It’s official. After eight or more weeks of working from home because of the coronavirus pandemic, people can begin going back to the office. But how? It is a confusing landscape. Physical distancing is a new “must” in the workplace, but how can that be achieved effectively? How will cleaning regimens change? New requirements from OSHA, the CDC, EPA and, perhaps, local and state agencies — to say nothing of the myriad of news stories with conflicting reports — raise even more questions and confusion.
As we try to help our clients and others negotiate this new landscape, here are some questions and suggestions to help business owners and property managers make informed decisions about reopening.
Many offices have been shuttered completely, introducing possible problems to safe operation that are often overlooked. Conduct a facility condition review as soon as possible, including inspecting and perhaps, flushing, water and plumbing systems. Did you shutdown major systems or leave them running? Non-operating systems can invite infestations of rodents or insects.
Indoor air quality is a primary concern as we continue to work under the threat of Covid-19. Changes to HVAC operations, such as controlling relative humidity, enhanced air filters, and increasing outdoor air intake can help reduce airborne exposures. Programming may be required to extend operational cycles of HVAC systems to promote greater circulation of air in the workplace. Lacking control of your office’s HVAC systems? Businesses may consider options for indoor air purifiers with HEPA filters.
Design and Space
Conduct a workplace assessment. Knowing that the coronavirus can spread person-to-person through sneezes and coughs, and that the virus may possibly live on surfaces for a time, what physical characteristics are problematic?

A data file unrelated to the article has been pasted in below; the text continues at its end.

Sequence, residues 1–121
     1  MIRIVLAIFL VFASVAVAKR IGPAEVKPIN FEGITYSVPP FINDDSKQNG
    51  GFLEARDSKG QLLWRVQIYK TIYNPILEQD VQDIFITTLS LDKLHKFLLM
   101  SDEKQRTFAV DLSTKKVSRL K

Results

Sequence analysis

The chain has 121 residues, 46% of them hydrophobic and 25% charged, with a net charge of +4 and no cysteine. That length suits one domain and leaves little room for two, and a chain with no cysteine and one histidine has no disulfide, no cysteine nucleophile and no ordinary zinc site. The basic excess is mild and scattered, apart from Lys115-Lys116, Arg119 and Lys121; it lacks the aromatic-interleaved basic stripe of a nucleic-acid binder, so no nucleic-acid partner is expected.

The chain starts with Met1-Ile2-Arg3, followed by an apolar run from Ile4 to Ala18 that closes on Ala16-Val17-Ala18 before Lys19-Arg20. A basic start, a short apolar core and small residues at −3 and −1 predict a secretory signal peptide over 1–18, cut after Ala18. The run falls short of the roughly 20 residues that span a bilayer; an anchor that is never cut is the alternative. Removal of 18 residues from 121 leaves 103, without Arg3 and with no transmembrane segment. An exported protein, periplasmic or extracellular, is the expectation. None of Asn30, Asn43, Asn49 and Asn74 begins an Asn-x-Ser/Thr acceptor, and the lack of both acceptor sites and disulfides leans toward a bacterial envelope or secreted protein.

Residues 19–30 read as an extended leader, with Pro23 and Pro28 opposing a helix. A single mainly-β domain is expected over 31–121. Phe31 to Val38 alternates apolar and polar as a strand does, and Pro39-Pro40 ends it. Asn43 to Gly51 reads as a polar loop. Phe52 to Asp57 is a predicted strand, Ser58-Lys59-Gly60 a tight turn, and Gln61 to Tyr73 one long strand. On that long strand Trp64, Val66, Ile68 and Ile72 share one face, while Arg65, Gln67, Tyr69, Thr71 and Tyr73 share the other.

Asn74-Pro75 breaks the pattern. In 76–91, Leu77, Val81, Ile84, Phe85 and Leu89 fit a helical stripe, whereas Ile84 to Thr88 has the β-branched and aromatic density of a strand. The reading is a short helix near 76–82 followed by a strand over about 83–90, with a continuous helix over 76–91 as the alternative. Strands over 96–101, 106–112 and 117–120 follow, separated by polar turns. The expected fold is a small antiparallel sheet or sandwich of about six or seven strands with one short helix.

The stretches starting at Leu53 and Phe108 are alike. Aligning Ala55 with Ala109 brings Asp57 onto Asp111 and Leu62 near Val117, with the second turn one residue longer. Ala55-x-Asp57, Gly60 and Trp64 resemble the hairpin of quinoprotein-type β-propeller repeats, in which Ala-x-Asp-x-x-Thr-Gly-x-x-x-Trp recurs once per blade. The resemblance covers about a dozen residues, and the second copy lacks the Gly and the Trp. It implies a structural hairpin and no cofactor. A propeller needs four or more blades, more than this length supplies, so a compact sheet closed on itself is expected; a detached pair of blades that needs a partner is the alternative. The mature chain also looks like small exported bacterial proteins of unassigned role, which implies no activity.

What are circulation challenges—things like building entry and exit points, lobby circulation, and elevators? New walking paths and physical distancing markers, identified with clear signage, can minimize person-to-person contact. Will you require a temperature monitoring station for incoming employees? Will the reception area require a sneeze guard?
Example of an Office Re-Open Plan developed through our Workplace Readiness Assessment
How many touch points are there — things like doors handles, tables, lighting controls, desks, telephones, computer touch screens, keyboards, copiers, and restroom and kitchenettes fixtures? These are reservoirs for viral pathogens. Motion-activated light switches, automatic door openers, no-touch, infra-red bath and kitchen plumbing fixtures are options. How can conference rooms and huddle rooms be maximized as extra work surfaces to space employees at safe distances? Will new workspace dividers or sneeze guards be necessary?
What materials might need to be changed or updated to tolerate rigorous cleaning—things like carpet, workstation textiles, lounge furnishings. Might new, more cleanable work surfaces be required? Stone and other types of solid surface materials likely will become more common than traditional laminate counters that are porous and can harbor bacteria. Taller glass cubicle dividers can provide better protection while preserving the look and feel of the open plan There are newer anti-microbial products for carpet and textiles available. Cork flooring – a sustainable product that is also naturally antimicrobial and moisture resistant – is a great alternative to carpet or luxury vinyl flooring.
Prior to inviting employees back to work, ensure the workplace is thoroughly cleaned and disinfected, based on current guidance from the CDC & EPA. Evaluate proper products and procedures for successful cleaning protocols, and coordinate with cleaning vendors as necessary. Some surfaces only require soap and water, while others, such as high-touch surfaces, likely will require an EPA-approved disinfectant. Some employers are using electrostatic cleaners that can be sprayed across all surfaces. Be certain to provide critical supplies such as paper products, no-touch trash cans, soap, hand sanitizers, disinfectant wipes, and required PPE.
Prepare policies for operational and staff readiness. Having a well-conceived plan to communicate these new “rules” to employees will promote a successful return. This should include a training program to communicate expectations on issues like policies to reduce the spread of disease, safe hygiene practices, masks, physical distancing, cleaning, and how to identify Covid-19 symptoms. Location-specific signage to reinforce best practices is recommended.
This may seem like a daunting list, and at this point in time, we have no idea if some of these issues will be short-term or long-term strategies. You don’t have to go it alone. Experts in facilities can help interpret the new rules, and help you develop a plan. The important thing is that everyone feels safe and secure returning to work.